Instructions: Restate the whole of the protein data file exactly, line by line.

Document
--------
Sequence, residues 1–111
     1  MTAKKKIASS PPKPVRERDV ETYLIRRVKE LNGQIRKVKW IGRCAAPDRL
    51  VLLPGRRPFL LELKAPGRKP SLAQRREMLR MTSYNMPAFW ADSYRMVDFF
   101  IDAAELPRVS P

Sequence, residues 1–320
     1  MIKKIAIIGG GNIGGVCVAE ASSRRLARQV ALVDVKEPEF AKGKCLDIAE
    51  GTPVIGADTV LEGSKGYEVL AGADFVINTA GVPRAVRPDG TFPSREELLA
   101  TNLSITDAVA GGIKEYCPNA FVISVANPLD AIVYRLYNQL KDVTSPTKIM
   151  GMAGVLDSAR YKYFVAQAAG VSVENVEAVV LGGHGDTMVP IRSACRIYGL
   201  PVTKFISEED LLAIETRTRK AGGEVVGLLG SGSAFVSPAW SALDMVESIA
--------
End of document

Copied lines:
Sequence, residues 1–111
     1  MTAKKKIASS PPKPVRERDV ETYLIRRVKE LNGQIRKVKW IGRCAAPDRL
    51  VLLPGRRPFL LELKAPGRKP SLAQRREMLR MTSYNMPAFW ADSYRMVDFF
   101  IDAAELPRVS P

Sequence, residues 1–320
     1  MIKKIAIIGG GNIGGVCVAE ASSRRLARQV ALVDVKEPEF AKGKCLDIAE
    51  GTPVIGADTV LEGSKGYEVL AGADFVINTA GVPRAVRPDG TFPSREELLA
   101  TNLSITDAVA GGIKEYCPNA FVISVANPLD AIVYRLYNQL KDVTSPTKIM
   151  GMAGVLDSAR YKYFVAQAAG VSVENVEAVV LGGHGDTMVP IRSACRIYGL
   201  PVTKFISEED LLAIETRTRK AGGEVVGLLG SGSAFVSPAW SALDMVESIA